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Banting House National Historic Site of Canada

Banting House in London, Ontario, holds special meaning for the many thousands of diabetics whose lives have been changed by the discovery of Insulin.

Banting House in London, Ontario, holds special meaning for the many thousands of diabetics whose lives have been changed by the discovery of Insulin. It was here, on October 31, 1920 — at two in the morning, to be precise — that Dr. Frederick Banting awoke with the idea that would turn into the life-saving medical treatment. Banting lived at this large brick home for ten months before moving to Toronto to start research on insulin. The site today is home to the Canadian Diabetes Association’s London office, and was designated a national historic site in 1997. Visitors can learn all about Banting who, in addition to his role in the discovery of insulin, served in the First World War with the Canadian Army Medical Corps as a medic. Wounded during the 1918 Battle of Cambrai, he continued to tend to wounded soldiers for sixteen hours, for which he was award the Military Cross.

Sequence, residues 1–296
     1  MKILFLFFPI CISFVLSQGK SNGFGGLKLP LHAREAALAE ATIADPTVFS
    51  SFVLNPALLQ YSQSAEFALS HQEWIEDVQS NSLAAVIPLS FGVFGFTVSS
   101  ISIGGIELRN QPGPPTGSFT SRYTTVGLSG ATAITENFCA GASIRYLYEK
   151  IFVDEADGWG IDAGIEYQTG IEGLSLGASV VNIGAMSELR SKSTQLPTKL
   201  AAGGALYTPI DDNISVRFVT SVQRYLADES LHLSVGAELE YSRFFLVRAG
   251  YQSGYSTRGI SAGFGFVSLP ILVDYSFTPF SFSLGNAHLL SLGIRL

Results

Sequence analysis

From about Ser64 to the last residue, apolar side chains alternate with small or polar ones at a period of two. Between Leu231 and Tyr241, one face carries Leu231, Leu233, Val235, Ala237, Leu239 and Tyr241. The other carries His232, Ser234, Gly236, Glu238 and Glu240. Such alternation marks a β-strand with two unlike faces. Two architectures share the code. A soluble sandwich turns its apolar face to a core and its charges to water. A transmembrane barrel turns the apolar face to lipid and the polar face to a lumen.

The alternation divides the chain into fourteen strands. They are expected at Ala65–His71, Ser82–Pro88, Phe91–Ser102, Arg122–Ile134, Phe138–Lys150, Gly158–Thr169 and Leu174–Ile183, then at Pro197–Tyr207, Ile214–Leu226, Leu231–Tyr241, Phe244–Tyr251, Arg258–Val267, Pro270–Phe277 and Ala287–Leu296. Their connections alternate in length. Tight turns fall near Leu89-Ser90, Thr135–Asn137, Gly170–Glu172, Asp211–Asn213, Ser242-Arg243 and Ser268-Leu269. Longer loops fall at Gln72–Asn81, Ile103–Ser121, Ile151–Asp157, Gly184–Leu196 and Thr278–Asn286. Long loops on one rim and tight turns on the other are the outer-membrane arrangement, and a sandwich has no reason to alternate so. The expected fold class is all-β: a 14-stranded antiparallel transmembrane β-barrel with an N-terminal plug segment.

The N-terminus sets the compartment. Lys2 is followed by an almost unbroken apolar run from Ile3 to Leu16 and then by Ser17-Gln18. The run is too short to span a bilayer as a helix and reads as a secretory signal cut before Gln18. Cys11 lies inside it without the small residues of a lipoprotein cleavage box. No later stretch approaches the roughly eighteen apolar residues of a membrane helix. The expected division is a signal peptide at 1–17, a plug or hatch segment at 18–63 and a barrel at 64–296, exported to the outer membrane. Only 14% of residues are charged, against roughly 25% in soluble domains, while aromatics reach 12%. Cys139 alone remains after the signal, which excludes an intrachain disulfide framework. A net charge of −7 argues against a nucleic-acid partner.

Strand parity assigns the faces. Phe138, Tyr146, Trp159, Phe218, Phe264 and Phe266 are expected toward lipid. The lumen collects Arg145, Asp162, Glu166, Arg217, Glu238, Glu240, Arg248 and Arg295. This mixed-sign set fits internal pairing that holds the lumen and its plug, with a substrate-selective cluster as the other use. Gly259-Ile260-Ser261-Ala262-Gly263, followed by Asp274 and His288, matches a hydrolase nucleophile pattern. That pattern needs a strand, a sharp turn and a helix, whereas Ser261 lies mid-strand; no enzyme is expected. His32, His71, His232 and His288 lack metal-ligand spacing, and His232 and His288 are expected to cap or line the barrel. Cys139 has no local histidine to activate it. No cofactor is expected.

Banting House National Historic Site of Canada

Canadian Diabetes Association
442 Adelaide Street North London Ontario N6B 3H8

Admission

Adults: $5
Seniors: $4
Students: $4
Family: $12
Children (under five): FREE
Groups: $60

Hours

Tuesday to Saturday: 12 p.m. to 4 p.m.

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